The Handbook of Leadership Theory and Practice seeks to bridge this disconnect. Based on the Harvard Business School Centennial Colloquium "Leadership: Advancing an Intellectual Discipline" and edited by HBS professors Nitin Nohria and Rakesh Khurana, this volume brings together the most important scholars from fields as diverse as psychology, sociology, economics, and history to take stock of what we know about leadership and to set an agenda for future research.
More than a means of getting ahead and gaining power, leadership must be understood as a serious professional and personal responsibility. Featuring the thinking of today's most renowned scholars, the Handbook of Leadership Theory and Practice will be a catalyst for elevating leadership to a higher intellectual plane - and help shape the research agenda for the next generation of leadership scholars.
Khurana begins in the late nineteenth century, when members of an emerging managerial elite, seeking social status to match the wealth and power they had accrued, began working with major universities to establish graduate business education programs paralleling those for medicine and law. Constituting business as a profession, however, required codifying the knowledge relevant for practitioners and developing enforceable standards of conduct. Khurana, drawing on a rich set of archival material from business schools, foundations, and academic associations, traces how business educators confronted these challenges with varying strategies during the Progressive era and the Depression, the postwar boom years, and recent decades of freewheeling capitalism.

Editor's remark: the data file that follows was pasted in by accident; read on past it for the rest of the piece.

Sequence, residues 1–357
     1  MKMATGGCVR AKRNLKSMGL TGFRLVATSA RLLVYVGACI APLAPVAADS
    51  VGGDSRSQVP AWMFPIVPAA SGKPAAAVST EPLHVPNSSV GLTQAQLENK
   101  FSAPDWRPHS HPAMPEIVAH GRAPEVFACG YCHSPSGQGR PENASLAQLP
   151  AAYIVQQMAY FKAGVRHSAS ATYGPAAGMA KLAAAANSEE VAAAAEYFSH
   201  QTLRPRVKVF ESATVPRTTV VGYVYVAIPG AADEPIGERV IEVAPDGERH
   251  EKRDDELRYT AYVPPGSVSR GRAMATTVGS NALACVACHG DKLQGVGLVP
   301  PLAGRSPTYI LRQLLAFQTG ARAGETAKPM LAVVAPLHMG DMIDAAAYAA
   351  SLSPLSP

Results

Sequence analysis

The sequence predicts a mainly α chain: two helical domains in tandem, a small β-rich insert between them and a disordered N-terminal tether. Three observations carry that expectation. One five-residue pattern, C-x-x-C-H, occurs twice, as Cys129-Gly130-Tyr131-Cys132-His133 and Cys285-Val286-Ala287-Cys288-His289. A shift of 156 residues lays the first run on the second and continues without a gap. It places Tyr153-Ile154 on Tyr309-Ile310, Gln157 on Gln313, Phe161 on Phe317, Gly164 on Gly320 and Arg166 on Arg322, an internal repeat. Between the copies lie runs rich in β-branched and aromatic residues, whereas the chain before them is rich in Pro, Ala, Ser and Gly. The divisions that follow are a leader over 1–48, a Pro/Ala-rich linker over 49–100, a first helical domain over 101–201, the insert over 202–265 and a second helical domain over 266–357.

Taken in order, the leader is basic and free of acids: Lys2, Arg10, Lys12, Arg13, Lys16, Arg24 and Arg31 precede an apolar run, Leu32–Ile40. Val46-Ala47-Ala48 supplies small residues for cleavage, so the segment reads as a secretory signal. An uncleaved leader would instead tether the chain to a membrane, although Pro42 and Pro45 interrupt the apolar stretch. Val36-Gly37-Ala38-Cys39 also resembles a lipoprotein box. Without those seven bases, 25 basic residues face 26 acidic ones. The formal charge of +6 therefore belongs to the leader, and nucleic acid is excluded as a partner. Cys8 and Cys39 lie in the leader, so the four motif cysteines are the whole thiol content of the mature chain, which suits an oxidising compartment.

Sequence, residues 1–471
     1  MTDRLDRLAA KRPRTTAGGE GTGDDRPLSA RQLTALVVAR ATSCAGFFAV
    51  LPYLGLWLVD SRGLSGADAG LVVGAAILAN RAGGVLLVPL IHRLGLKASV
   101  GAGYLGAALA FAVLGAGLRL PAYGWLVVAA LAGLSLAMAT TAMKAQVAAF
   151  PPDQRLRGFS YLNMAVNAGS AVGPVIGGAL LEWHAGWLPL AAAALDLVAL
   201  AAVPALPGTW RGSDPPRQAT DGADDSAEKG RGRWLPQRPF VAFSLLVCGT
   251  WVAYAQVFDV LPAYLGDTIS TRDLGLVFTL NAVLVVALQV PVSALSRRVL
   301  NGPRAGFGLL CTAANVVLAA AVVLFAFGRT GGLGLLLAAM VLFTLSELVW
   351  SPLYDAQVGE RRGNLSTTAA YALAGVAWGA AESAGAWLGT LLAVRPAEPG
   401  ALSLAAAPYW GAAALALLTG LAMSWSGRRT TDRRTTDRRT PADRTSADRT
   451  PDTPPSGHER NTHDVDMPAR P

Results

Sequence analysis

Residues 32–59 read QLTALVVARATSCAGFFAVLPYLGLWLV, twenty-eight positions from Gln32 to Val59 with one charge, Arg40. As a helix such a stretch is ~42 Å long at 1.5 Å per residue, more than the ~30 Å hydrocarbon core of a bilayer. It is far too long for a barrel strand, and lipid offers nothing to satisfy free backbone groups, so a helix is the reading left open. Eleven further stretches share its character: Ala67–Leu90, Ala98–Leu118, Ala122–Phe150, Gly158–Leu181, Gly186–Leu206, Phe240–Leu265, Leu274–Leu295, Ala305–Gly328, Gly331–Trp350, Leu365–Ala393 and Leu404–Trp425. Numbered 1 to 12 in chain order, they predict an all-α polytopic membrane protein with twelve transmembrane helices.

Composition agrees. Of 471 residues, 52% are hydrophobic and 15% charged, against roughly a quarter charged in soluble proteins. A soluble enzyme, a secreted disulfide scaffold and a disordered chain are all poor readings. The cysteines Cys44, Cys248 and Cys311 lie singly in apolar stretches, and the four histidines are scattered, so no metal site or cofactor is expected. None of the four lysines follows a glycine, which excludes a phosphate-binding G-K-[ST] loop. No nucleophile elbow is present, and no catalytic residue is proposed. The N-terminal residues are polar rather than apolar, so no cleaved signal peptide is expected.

Today, Khurana argues, business schools have largely capitulated in the battle for professionalism and have become merely purveyors of a product, the MBA, with students treated as consumers. Professional and moral ideals that once animated and inspired business schools have been conquered by a perspective that managers are merely agents of shareholders, beholden only to the cause of share profits. According to Khurana, we should not thus be surprised at the rise of corporate malfeasance. The time has come, he concludes, to rejuvenate intellectually and morally the training of our future business leaders.